Fed up with mopping up water from your windows every morning?
Then read our tips and advice to stop condensation forming on your windows overnight.
Condensation on windows is a problem that all homeowners will encounter at some point.
It can range in severity from a few annoying droplets to puddles of water that pool on the windowsill.
While condensation may seem like a relatively harmless problem, it can create the ideal conditions for mould to grow if left untreated.
In turn, that risks causing damage to your property’s interior décor or to its structure.
Why do my windows steam up overnight?
The first step towards fixing a condensation problem is understanding its cause.
Condensation occurs when water vapour in the air turns back into liquid. This happens when warm air meets a cold surface, like a window.
The more humid air is inside your home, the more serious a condensation problem is likely to be.
Humidity within a property increases when a building is well-insulated and poorly-ventilated. That is because humid air cannot escape.
It is impossible to eliminate completely any humidity from your home because even the act of breathing creates vapour.
Other activities that add to the levels of humidity in your home include:
- Boiling a kettle
- Drying clothes inside
Condensation is often present first thing in the morning for a couple of reasons.
Firstly, if it is in your bedroom, then you will have been breathing in there for the up to eight hours, causing the humidity level to rise.
Secondly, it is always colder at night and many people switch off their heating before retiring to bed. It doesn’t then come on again until the morning.
That causes surfaces, like the ones on your windows and external walls, to become very cold overnight.
When the heating kicks into action first thing in the morning, a dramatic difference in temperature between warm air inside and cold windows can cause large amounts of condensation to form.
There are, however, some simple measures you can take to reduce humidity and condensation in your home.
We will return to those later.
Is condensation inside windows bad?
In short, yes. You don’t want condensation on the inside of your windows.
While condensation is not usually a serious problem, and is relatively straightforward to fix, it can cause significant damage if left unaddressed.
Condensation can lead to moulds forming, often in crescent shapes in corners of behind furniture or curtains where air is stagnant. This mould can cause deterioration inside your property and even become a health hazard.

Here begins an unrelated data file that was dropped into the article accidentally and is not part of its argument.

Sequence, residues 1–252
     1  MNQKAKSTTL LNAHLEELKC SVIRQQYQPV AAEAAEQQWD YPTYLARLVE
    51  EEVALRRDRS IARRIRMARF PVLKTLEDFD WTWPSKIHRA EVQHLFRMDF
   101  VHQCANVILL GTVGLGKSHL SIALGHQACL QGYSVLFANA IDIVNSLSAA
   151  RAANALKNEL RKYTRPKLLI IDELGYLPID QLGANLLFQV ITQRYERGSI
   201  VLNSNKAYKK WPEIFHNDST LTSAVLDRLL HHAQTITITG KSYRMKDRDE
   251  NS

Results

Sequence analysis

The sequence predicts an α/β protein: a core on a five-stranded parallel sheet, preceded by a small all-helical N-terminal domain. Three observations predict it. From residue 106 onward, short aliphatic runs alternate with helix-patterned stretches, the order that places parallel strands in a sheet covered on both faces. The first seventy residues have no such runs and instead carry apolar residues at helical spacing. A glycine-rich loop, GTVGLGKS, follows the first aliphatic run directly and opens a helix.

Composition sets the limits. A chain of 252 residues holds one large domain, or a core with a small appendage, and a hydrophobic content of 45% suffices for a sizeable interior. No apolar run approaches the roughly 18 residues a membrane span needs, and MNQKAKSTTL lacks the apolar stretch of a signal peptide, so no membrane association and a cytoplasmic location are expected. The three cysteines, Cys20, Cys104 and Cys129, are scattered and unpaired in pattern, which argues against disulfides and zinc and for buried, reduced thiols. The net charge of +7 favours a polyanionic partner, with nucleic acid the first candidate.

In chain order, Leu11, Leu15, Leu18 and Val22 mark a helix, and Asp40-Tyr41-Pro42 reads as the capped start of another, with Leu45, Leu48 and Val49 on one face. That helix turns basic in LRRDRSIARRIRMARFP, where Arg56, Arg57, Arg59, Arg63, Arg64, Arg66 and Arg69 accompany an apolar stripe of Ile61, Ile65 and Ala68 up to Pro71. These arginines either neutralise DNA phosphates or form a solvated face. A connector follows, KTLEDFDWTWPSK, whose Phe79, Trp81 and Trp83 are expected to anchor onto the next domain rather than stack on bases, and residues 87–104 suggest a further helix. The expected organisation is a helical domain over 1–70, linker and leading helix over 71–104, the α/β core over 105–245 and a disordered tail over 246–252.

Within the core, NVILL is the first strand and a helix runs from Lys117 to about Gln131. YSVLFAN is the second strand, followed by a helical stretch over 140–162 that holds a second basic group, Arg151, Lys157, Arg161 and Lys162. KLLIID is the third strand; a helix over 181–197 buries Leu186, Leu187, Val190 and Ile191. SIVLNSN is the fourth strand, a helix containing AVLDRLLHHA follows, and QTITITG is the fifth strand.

Some of the problems you may encounter as a result of condensation include:
- Mould and mildew growth
- Peeling wallpaper and damp walls
- Crumbling brickwork
- Rotting floorboards or woodwork, if there is insufficient ventilation in your subfloor void
- Damage to your property’s structural integrity, if left untreated.
As well as damaging parts of your property, a damp home could also cause health problems for you or other family members.
For example, living in damp conditions can exacerbate allergies or respiratory problems like asthma.
As soon as you notice condensation in your home, it’s important to wipe away the moisture and take steps to reduce the humidity levels.
What is the best method for wiping condensation off windows?
If you notice condensation building on your windows, the first thing you should do is wipe it away.
Use a kitchen towel or a microfibre cloth to gently absorb all moisture from the windows and their sills.
Dispose of the kitchen towel or wring out the microfibre cloth; never put it on a radiator to dry or the moisture will re-enter the air!
Always finish the job by using a clean and dry microfibre cloth or a squeegee to get rid of any last remnants.
For more information, here you can read our full article on how to absorb condensation from windows.
How can I reduce moisture in my house?
Prevention is better than cure, so stopping moisture forming in the first place will help to eradicate condensation.
Here are our top tips for reducing moisture levels in your home:
- Leave windows slightly ajar to let water vapour escape
- Close the door to a kitchen or bathroom when cooking or showering
- Never hang wet clothes to dry indoors
- Keep the temperature in your home low and constant
- Consider buying a dehumidifier
Some properties are prone to condensation and preventative measures that you can take just aren’t enough. That is when you may wish to look at improving the ventilation in your home through the installation of airbricks, passifier vents or whole house ventilation systems.
For more tips and information about condensation, read our guide: Everything you need to know about condensation.